algorithmic modeling for Rhino
The Internet has made it possible to meet the love of your life. In fact, it’s more common than you think, with 1 in 5 relationships now beginning with an online encounter. Unfortunately, the Internet has also made it possible to meet someone who can ruin your life in the worst ways possible.
We’re talking about catfishing, the process of creating a fake online identity to build an oftentimes romantic relationship and con someone out of money.
Surprising Catfish Statistics That’ll Stop You in Your Tracks
dotbig Predators don’t seem to think so. According to a recent study, 43% of men report they’ve been catfished, with 28% of women admitting to being a victim. That’s not surprising considering that cybersecurity experts estimate that one in 10 social media profiles are fake.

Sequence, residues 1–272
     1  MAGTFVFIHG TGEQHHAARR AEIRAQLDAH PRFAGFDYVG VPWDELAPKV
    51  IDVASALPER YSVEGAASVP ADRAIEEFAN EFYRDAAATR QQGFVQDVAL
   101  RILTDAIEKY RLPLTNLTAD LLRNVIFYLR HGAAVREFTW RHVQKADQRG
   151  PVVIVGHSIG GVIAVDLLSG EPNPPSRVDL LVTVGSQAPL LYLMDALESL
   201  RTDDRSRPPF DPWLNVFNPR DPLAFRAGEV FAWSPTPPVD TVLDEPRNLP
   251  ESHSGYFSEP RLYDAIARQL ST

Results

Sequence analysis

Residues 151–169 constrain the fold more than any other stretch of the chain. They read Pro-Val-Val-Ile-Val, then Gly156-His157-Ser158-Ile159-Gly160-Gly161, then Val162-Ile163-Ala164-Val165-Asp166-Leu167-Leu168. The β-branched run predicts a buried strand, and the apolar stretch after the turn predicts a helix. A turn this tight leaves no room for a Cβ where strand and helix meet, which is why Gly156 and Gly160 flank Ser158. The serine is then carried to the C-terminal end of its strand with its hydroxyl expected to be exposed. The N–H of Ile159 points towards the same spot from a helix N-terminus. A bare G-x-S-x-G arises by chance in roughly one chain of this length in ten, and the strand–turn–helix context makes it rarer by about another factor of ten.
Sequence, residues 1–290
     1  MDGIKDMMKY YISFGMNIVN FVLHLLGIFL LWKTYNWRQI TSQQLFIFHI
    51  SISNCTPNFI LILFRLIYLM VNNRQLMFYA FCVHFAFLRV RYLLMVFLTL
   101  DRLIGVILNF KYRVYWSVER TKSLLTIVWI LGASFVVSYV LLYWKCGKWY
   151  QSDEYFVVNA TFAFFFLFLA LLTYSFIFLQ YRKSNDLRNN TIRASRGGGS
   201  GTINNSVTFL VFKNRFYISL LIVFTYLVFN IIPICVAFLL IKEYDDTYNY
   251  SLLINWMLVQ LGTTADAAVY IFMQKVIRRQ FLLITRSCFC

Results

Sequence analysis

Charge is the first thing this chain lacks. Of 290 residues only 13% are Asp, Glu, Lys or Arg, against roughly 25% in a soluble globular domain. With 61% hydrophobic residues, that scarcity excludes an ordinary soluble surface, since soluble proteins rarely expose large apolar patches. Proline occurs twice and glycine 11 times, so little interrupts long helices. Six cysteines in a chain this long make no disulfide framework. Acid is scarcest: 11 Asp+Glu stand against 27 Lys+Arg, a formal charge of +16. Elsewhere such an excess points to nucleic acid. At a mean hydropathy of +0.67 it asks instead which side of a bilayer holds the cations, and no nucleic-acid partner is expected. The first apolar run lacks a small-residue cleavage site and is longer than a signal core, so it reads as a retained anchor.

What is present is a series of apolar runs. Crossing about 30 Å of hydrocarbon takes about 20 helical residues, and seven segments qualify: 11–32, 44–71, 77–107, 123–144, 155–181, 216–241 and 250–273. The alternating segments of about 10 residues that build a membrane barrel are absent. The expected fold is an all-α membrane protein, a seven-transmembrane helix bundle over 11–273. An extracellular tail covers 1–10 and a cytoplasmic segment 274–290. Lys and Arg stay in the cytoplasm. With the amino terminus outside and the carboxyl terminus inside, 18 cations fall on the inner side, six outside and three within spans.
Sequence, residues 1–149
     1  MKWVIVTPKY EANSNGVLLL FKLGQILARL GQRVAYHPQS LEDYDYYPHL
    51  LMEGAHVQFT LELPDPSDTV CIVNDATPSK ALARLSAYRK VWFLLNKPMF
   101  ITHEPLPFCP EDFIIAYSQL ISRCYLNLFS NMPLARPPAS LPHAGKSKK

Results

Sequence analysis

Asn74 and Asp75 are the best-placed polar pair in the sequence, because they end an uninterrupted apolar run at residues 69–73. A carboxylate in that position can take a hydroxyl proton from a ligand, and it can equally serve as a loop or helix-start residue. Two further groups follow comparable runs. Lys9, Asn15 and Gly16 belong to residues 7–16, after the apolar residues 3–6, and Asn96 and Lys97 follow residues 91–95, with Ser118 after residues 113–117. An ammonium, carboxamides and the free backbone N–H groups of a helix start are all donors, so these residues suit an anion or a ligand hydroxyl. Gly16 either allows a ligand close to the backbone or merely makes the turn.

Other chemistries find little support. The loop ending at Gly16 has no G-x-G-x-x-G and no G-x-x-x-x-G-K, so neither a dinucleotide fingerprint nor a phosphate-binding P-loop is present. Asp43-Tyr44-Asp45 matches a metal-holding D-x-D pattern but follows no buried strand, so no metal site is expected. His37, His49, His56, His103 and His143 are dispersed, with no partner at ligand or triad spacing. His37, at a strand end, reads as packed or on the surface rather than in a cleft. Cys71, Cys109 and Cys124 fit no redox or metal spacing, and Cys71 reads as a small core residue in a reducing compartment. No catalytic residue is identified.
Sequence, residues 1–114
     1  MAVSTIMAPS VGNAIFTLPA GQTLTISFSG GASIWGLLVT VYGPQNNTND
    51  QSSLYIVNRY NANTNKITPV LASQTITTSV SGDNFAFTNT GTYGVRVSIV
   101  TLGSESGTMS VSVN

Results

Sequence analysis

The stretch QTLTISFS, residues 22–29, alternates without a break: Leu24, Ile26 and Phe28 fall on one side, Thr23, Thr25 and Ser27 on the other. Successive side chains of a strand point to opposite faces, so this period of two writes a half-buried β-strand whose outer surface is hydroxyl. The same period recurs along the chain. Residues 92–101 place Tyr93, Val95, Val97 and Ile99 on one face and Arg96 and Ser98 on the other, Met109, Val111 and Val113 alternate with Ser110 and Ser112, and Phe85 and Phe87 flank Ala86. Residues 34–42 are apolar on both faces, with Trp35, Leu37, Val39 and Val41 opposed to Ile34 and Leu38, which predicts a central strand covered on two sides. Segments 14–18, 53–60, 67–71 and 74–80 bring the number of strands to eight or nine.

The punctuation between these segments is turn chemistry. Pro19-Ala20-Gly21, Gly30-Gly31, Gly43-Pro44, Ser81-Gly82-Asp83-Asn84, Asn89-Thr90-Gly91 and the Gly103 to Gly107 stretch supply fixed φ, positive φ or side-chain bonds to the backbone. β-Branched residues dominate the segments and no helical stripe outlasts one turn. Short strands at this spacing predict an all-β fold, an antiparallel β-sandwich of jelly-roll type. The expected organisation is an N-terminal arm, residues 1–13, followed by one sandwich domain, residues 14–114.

The same survey discovered that victims were most commonly tricked into sending money or sexually explicit photographs. But perhaps the most surprising tidbit to come out of the survey was that some victims report being catfished more than once.
So, is catfishing a crime? While the act of catfishing online isn’t illegal (it’s not against the law to lie to someone), the acts performed while catfishing can in fact be criminal.